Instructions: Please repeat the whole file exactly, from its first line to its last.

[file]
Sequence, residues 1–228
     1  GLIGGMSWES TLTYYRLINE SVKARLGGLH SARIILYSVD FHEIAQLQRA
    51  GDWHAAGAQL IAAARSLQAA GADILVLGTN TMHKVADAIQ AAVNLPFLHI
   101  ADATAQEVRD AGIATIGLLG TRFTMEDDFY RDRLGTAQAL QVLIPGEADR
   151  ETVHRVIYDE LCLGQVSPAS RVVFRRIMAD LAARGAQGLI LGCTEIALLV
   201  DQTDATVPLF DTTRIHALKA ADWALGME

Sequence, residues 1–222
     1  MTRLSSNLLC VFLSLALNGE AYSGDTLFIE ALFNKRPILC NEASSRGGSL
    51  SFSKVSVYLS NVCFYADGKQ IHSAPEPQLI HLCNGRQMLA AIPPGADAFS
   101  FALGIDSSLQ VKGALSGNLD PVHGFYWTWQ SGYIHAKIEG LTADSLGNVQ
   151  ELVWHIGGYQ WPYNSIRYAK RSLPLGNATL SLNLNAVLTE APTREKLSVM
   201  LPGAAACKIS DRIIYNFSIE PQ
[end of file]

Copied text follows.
Sequence, residues 1–228
     1  GLIGGMSWES TLTYYRLINE SVKARLGGLH SARIILYSVD FHEIAQLQRA
    51  GDWHAAGAQL IAAARSLQAA GADILVLGTN TMHKVADAIQ AAVNLPFLHI
   101  ADATAQEVRD AGIATIGLLG TRFTMEDDFY RDRLGTAQAL QVLIPGEADR
   151  ETVHRVIYDE LCLGQVSPAS RVVFRRIMAD LAARGAQGLI LGCTEIALLV
   201  DQTDATVPLF DTTRIHALKA ADWALGME

Sequence, residues 1–222
     1  MTRLSSNLLC VFLSLALNGE AYSGDTLFIE ALFNKRPILC NEASSRGGSL
    51  SFSKVSVYLS NVCFYADGKQ IHSAPEPQLI HLCNGRQMLA AIPPGADAFS
   101  FALGIDSSLQ VKGALSGNLD PVHGFYWTWQ SGYIHAKIEG LTADSLGNVQ
   151  ELVWHIGGYQ WPYNSIRYAK RSLPLGNATL SLNLNAVLTE APTREKLSVM
   201  LPGAAACKIS DRIIYNFSIE PQ